Outrage grows two weeks after Nigeria schoolgirls kidnapped

Mothers of kidnapped school girls react during a meeting with the Borno State governor in Chibok, Maiduguri, Borno State on April 22, 2014. Nigerian parents lashed out on Tuesday, April 29, 2014, at the government's failure to rescue scores of s
Mothers of kidnapped school girls react during a meeting with the Borno State governor in Chibok, Maiduguri, Borno State on April 22, 2014. Nigerian parents lashed out on Tuesday, April 29, 2014, at the government's failure to rescue scores of schoolgirls kidnapped by Boko Haram Islamists two weeks ago, as families agonised over the uncertain fate of the hostages. -- FILE PHOTO: REUTERS

KANO (AFP) - Nigerian parents lashed out on Tuesday at the government's failure to rescue scores of schoolgirls kidnapped by Boko Haram Islamists two weeks ago, as families agonised over the uncertain fate of the hostages.

"May God curse every one of those who has failed to free our girls," said Enoch Mark, whose daughter and two nieces were among over 100 students abducted from the Government Girls Secondary School in the Chibok area of northeastern Borno state.

The government is "showing indifference to (a) monumental disaster," he charged.

The attack was one of the most shocking in Boko Haram's five-year Islamist uprising, which has claimed thousands of lives across northern and central Nigeria.

The outrage that followed the mass abduction has been compounded by disputes over figures and criticism of the military's search-and-rescue effort.

Borno officials have said that 129 girls were kidnapped when gunmen stormed the school after sundown on April 14 and forced the students - who are between 12 and 17-years-old - onto a convoy of trucks. Officials said 52 have since escaped.

Locals, including the school's principal, have rejected those numbers, insisting that 230 students were snatched and that 187 are still being held hostage.

Mark told AFP that his wife has hardly slept since the attack, lying awake at night "thinking about our daughter".

Boko Haram's name translates as "Western education is forbidden", and it has repeatedly attacked schools during an insurgency aimed at creating a strict Islamic state in mainly Muslim northern Nigeria.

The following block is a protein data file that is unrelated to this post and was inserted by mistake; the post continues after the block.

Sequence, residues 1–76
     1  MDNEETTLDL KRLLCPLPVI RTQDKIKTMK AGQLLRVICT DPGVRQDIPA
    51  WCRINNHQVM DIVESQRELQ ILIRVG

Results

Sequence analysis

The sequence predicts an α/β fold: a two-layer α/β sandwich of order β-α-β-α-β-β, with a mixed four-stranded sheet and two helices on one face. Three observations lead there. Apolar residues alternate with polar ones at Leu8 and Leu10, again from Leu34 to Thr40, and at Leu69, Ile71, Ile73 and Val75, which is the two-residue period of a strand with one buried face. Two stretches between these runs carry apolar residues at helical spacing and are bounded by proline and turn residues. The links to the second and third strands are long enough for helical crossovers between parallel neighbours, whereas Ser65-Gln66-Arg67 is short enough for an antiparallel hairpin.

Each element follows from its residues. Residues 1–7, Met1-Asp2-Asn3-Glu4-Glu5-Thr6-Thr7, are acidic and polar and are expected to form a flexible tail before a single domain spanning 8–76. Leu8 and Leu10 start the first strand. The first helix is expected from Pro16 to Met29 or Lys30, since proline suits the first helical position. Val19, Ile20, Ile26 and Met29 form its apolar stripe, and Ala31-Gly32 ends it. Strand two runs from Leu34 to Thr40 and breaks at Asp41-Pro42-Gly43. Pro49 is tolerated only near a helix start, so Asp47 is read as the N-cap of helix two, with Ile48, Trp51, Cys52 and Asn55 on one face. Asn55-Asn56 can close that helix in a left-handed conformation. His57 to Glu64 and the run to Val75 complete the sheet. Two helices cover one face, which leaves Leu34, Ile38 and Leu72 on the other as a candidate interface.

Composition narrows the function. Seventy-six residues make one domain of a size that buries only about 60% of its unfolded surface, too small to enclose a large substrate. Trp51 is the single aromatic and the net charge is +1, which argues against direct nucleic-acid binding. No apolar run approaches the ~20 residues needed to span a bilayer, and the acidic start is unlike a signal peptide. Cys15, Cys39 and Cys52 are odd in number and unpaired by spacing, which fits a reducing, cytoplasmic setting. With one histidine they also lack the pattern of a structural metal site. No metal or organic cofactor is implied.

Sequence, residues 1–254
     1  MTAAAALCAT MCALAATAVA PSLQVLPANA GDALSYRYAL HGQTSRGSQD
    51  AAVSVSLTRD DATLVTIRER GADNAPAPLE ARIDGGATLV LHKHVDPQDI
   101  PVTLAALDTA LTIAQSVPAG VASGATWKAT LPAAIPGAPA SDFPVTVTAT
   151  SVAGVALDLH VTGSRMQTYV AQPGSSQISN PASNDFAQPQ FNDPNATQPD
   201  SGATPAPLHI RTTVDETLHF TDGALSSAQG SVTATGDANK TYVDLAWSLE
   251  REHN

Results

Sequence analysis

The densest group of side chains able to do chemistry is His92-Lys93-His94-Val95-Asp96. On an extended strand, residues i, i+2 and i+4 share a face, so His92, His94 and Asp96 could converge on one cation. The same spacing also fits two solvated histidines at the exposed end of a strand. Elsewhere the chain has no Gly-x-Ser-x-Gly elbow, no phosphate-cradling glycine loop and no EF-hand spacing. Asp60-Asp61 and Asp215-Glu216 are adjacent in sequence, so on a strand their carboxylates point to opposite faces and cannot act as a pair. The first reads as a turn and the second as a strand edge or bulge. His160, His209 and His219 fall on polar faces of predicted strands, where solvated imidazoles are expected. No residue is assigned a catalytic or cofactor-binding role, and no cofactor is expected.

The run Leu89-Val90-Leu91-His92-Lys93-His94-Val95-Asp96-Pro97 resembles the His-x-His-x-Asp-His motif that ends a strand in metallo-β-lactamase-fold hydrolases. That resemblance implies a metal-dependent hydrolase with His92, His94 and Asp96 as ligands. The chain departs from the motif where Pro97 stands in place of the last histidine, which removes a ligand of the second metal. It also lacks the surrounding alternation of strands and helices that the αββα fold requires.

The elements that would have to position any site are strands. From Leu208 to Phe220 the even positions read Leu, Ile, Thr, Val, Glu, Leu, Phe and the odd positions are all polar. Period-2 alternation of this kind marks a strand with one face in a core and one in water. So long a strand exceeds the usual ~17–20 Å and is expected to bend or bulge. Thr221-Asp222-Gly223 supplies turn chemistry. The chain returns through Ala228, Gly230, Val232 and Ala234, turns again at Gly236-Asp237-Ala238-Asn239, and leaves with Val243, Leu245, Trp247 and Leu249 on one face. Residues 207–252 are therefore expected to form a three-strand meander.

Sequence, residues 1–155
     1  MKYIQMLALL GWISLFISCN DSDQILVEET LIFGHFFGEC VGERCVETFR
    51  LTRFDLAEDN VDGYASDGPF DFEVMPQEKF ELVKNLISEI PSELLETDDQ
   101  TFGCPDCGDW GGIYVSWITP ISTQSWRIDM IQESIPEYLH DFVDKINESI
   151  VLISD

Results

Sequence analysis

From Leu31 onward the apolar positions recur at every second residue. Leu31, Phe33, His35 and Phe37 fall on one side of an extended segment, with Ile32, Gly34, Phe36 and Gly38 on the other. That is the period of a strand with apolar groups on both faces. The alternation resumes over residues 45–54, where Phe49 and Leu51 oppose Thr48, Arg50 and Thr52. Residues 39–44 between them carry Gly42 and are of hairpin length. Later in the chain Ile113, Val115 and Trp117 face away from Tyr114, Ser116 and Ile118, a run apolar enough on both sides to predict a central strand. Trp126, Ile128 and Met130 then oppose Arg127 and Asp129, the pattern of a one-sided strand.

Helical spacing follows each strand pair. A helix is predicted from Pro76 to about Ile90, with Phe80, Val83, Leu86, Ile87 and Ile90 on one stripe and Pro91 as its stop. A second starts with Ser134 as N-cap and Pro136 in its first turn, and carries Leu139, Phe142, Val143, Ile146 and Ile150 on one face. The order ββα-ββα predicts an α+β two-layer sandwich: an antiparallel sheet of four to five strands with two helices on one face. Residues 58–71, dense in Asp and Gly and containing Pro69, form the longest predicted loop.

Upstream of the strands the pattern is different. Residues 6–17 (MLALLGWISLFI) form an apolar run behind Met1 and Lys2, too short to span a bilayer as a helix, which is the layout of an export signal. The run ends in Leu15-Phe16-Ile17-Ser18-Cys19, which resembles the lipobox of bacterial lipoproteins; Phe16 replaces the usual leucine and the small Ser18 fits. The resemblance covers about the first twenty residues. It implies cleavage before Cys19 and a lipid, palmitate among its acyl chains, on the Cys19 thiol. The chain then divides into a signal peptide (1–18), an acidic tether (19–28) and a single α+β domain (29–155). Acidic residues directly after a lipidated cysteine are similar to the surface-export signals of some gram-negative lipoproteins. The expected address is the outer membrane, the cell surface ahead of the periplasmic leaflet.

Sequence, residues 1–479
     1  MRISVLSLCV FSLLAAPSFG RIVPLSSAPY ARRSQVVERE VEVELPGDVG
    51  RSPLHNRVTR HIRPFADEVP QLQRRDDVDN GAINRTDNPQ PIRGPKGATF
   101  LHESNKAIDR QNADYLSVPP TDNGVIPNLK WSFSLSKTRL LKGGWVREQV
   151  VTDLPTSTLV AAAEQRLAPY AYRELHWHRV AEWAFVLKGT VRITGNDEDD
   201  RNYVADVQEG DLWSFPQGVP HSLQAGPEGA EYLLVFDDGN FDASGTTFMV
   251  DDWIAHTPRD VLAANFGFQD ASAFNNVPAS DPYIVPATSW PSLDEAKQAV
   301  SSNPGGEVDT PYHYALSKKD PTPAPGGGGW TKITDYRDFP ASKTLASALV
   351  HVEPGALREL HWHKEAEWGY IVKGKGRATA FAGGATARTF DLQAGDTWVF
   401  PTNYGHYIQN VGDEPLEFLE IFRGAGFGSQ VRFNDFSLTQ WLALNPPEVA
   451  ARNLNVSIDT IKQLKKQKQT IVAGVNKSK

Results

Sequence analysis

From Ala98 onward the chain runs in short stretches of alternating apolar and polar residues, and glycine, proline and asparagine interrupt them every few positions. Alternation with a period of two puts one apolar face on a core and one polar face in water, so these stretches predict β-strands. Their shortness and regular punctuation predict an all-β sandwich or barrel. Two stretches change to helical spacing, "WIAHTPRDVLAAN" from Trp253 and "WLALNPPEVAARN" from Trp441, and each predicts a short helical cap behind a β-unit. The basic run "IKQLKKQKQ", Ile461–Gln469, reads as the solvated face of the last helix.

The Islamists have set schools on fire, massacred students in their sleep and detonated at university campus churches.

President Goodluck Jonathan has faced scathing criticism over the attacks and the pressure has mounted since the Chibok kidnappings.

Parents, who said they had little confidence in the military search effort, have scoured the bushlands of the remote region, pooling money to buy fuel for motorcycles and cars to conduct their own rescue effort.

Pogo Bitrus, leader of a Chibok elders group, told AFP that locals have received various tips concerning the whereabouts of the hostages, with some reports saying they have been taken across borders into Cameroon and Chad.

"The free movement of the kidnappers in huge convoys with their captives for two weeks without being traced by the military which claims to be working diligently to free the girls is unbelievable," he said.

The military deployed thousands of additional troops to the northeast last year as part of an offensive aimed at crushing Boko Haram, but security experts say Nigeria lacks the troops needed to fully cover the region.

There has been no independent confirmation of the girls being trafficked across borders and some of those who escaped said the hostages were taken to Borno's Sambisa Forest area, where Boko Haram has well-fortified camps.

The military on Friday said it had killed 40 insurgents near Sambisa Forest in an operation aimed at finding the kidnappers.